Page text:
Presentation on theme: "FOCUS CALENDAR: FCAT Testing Clusters: Draws Conclusions (3-5) Makes and Confirms Inferences (3-5) “… All learning depends on the ability to question,"— Presentation transcript:
FOCUS CALENDAR: FCAT Testing Clusters: Draws Conclusions (3-5) Makes and Confirms Inferences (3-5) “… All learning depends on the ability to question, reason, formulate ideas, pose hypotheses, and exchange ideas with others.” -A. Browne (1996)
Clarifying the Benchmarks The Benchmarks: Reads text and determines the main idea or essential message; identifies relevant supporting details and facts, and arranges events in chronological order. (LA.A.2.2.1 Grades 3-5) Definition: Draw Conclusions: uses background knowledge and text information to form an opinion regarding information not given in a text; specifically able to draw conclusion, when, why, or something happened or who was involved in an action. Infers: combines prior knowledge and information found in texts to predict or make a judgment. Good readers often make inferences or draw conclusions based on the information they have. If they see a big tent and there are clowns standing outside, they would probably think that there is a circus in town. What they think is happening may not always be correct, but they make the best guesses-or inferences-they can from the information they have.
What Is Inferring, the Cornerstone of Comprehension? A reader makes logical connections to their personal trove of background experiences and knowledge to determine what the author is implying. A proficient reader makes inferences by “reading between the lines” to match his or her experiences and knowledge with relevant clues or hints provided by the author.
Let’s Try Inferring Together… “It seemed that the pitch had barely left the southpaw’s hand when the ballpark resounded with a loud thwack. Morgan dropped his head in dejection as Ramirez began to trot the bases.” What just happened here? What is the author implying without directly stating it? What clues did you use to figure things out?
There are many types of inferences we make as we read. Can you write some clues for each type? Location Figuring out a place from clues given Agent Deciding an occupation or role Time Determining when things occurred Category Classifying names or ideas into different groups
Other types of inferences we make as we read. Can we write clues for each type? Object Confirming the item being talked about Cause-Effect Deciding the reason why something occurred Problem-Solution Deciding how the problem could be solved. Feelings-Attitudes Deciding why someone is acting in a certain way.
What Is “Drawing Conclusions?” A reader’s conclusions make up an overall sense of what a reading selection means. After making some inferences, readers look for connections among their inferences and observations. The connections lead to conclusions. It’s like seeing the big picture after putting the puzzle pieces together!
Let’s Practice Drawing Conclusions! What might you conclude if you read a report that pointed out that the bald eagle is listed as an endangered animal in 43 states? Conclusions might include 1.) that the bald eagle is considered worth protecting or 2.) that the bald eagle is in danger of dying out. The report also explains the many reasons for the deaths of the bald eagle as well. What might you conclude from this information? Conclusions might include 1.) that people have been investigating the causes of deaths or 2.) that correcting the problem will probably not be easy.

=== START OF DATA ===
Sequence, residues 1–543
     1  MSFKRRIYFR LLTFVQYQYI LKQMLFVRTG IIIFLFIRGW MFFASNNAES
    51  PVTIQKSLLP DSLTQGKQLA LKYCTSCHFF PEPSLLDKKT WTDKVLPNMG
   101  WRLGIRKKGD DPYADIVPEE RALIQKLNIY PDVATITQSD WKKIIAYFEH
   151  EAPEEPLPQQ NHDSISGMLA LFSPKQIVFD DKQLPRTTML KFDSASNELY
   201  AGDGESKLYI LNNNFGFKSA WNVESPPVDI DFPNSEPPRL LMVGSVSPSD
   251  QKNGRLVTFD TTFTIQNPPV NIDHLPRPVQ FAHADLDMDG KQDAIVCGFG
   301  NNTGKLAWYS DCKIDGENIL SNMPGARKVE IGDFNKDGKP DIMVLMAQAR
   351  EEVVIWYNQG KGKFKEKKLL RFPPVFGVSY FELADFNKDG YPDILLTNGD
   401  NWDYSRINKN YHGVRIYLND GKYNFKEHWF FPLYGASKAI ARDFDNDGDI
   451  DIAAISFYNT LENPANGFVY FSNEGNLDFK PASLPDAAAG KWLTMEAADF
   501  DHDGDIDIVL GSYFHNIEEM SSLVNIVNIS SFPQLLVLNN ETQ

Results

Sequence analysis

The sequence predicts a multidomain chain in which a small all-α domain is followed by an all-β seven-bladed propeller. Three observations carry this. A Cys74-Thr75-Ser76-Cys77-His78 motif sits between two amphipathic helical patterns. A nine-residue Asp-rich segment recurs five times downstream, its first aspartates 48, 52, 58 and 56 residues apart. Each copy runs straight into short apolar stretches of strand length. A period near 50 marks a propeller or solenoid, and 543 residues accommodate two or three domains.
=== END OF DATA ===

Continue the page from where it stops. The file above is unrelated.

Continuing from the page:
More Practice Read the story and answer the questions by drawing conclusions
Maria opened her eyes and ran to the window. No, she thought, she hadn't been dreaming. Everything in front of her eyes looked unfamiliar. Instead of the bright warm sun, there were gray, cold-looking skies. There was harsh, loud noise everywhere. And she could see no warm, blue-green sea off in the distance. She thought to herself, "What is this strange new world I have come to? Suddenly, Maria heard her aunt's voice calling her. She rushed quickly to the other room. She hoped that seeing her aunt would make her feel more at home here in the United States. "Well, Maria," her aunt asked, "how did you sleep your first night here?" She spoke a little slowly so that Maria wouldn't have trouble understanding her. Maria waited a moment to answer. She wanted to say everything correctly. Soon she would be in school, where she could work on her English--she wanted to be the best in her class, just as she had been back home! "Very well," she said, smiling in surprise at how clear her words sounded.
1.Where do you think Maria is? A. in school B. in her bedroom C. at the beach D. in a strange place
2. What kind of place has she recently come from? A. one like the northern United States B. a cold, snowy place C. a hot place D. a quiet place near the sea
How does Maria feel about speaking English? A. like she’ll never learn English B. a little uncertain C. very confident
What will Maria be doing while she’s here? A. planting flowers B. swimming C. participating in the Olympics D. going to school
5. Where could Maria be from? A. New York B. Alaska C. France D. New Mexico
Self-questioning helps readers construct meaning, and draw conclusions Questioning and inferring work in tandem to enhance the understanding of text. - Harvey and Goudvis Strategies That Work
Sample Question Stems: What conclusions can be drawn about…? Support your answer with information and details from the passage. What conclusions can be drawn from the fact that…? What examples can you find to support the conclusion that…? What facts would you select to show that…? What facts justify the conclusion that…? Finish the sentence stems with statements that you could use with topics or content that your students read in your subject.